Space Station Sunday: Cool Flames And A Literal Space Race

This week on the International Space Station, research continued on an accidental but possibly very useful discovery concerning the properties of combustion. While working with the FLEX (Flame Extinguishing Experiment), an experiment designed to test methods of firefighting in microgravity, Earthbound scientific analyst Dr. Forman Williams noticed something odd. When heptane fuel was ignited in the ISS's special Combustion Integrated Rack (a securely sealed chamber in which fiery experiments can safely take place), it burned for some time, then appeared to die out. However, sensors measured that the fuel was still combusting invisibly between temperatures of 500K to 800K, with no flames in sight.

“We observed something that we didn’t think could exist,” Williams said.  "That’s right—they seemed to be burning without flames.  At first we didn’t believe it ourselves."

According to spaceflightinsider.com, the experiment was then replicated in various environments, in atmospheres similar to Earth’s, then in atmospheres infused with nitrogen, carbon dioxide, and helium.  The results showed a marked difference between the space flames and their combusting counterparts on Earth:  the invisible "cool flames" were more chilly than the visible ones found on Earth (temperature 1500K-2000K.)  Also, instead of the byproducts of soot, carbon dioxide and water, the "cool flames" emitted carbon monoxide and formaldehyde.

The cool flames are able to burn relaxedly in microgravity, as they form spheres and allow oxygen to approach slowly, letting chemical reactions occur at a more leisurely pace thanks to a lack of buoyancy which on Earth would have altered the heat and process of the combustion.  

Dr. Williams believes this new discovery may aid in creating cars with cleaner emissions.  It could alter the process of HCCI (homogeneous charge compression ignition) by compressing fuel and an oxidizer in the engine, rather than being ignited by a spark.
Williams explained, “The chemistry of HCCI involves cool flame chemistry. The extra control we get from steady-state burning on the ISS will give us more accurate chemistry values for this type of research.”

The results have been monitored by researchers from Cornell, NASA, Princeton, UC Davis, UC San Diego, the University of Connecticut, and the University of South Carolina.  A new round of testing, aptly and awesomely named the Cool Flame Investigation (band name alert!) will be underway soon.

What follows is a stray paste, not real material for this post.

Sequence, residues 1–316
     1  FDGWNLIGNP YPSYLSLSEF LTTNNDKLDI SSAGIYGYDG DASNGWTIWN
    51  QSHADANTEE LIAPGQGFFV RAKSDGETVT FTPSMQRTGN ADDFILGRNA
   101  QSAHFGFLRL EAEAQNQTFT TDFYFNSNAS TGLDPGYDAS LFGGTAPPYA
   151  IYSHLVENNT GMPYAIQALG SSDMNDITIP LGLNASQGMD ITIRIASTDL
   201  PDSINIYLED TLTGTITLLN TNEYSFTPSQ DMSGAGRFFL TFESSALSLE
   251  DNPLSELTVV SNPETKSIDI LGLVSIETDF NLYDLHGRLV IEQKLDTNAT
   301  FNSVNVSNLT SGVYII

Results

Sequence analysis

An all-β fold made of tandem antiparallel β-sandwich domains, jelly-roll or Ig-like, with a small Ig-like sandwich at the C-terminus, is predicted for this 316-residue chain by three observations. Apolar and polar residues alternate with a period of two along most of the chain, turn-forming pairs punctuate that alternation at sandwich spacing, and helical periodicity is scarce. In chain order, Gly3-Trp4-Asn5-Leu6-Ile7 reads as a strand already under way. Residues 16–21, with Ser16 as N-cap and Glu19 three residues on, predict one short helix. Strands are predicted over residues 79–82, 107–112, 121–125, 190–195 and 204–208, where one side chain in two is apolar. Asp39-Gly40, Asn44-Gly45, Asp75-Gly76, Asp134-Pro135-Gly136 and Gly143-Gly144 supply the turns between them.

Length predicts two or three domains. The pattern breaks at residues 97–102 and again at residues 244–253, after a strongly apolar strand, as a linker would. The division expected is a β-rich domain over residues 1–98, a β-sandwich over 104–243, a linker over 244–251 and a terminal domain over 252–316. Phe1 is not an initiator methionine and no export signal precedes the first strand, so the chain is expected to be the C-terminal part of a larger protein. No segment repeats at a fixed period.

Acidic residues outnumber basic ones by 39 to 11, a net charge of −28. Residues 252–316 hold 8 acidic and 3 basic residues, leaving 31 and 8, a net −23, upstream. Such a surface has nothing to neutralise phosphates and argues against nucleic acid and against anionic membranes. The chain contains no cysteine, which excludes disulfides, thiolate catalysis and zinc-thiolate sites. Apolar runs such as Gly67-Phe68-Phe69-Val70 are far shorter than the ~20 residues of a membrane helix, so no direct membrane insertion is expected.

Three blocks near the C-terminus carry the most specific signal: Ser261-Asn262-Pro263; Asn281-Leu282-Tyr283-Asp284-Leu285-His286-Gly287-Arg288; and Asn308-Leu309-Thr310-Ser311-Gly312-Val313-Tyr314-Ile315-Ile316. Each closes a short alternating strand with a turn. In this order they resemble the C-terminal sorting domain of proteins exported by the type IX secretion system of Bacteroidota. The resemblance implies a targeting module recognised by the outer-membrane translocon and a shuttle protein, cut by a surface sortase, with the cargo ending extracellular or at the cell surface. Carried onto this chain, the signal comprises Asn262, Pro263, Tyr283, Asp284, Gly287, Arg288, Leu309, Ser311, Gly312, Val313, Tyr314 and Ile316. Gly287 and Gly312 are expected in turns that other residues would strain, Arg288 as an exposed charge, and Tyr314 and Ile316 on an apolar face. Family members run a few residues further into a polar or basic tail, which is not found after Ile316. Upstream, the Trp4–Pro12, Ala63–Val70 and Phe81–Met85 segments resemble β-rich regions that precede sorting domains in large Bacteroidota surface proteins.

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In scientific sporting news, NASA astronaut Steve Swanson will be in no danger of his bones succumbing to space atrophy, as he plans to run 31.3 miles on the ISS treadmill as part of a team for Colorado's Wild West Relay.  With five other teammates collaborating on the 200 mile, 2-day course from Fort Collins to Steamboat Springs, Swanson had been disappointed he'd miss the race while performing his duties as ISS Expedition 40 flight commander, but was given special permission by the Wild West Relay organizers to race from space.

As reported by runnersworld.com, two other astronauts, Sunita Williams and Dottie Metcalf, are also on the team, dubbed "200 Miles, 20 Orbits, and 90 Shillings." The team name is indicative of the number of orbits the ISS will make during the race, as well as a nod to a local Colorado beer. If Swanson is successful, he will beat Williams' record of the farthest run in space, which was completed when she simulated (and finished) the 2007 Boston Marathon while in orbit.

While Swanson, 53, is an accomplished athlete who has previously run the relay in full gravity, he will have to make adjustments for this particular situation. A harness applying 140 pounds of pull at his shoulders is a necessary counterweight in microgravity, and sweat pools (rather than drips) in the unique ISS environment. If he can deal with the heft of the harness and keep the beads of sweat from hovering in his eyes, he will have completed (albeit more arduously) the same chunk of challenge as the rest of his ultra-marathoner team. And according to him, that's what's important.

“The best part of being in the relay is being part of a team," Swanson says. "Just like space flight.”

Commander Swanson and his running rig.  And you thought your daily jog was tough.


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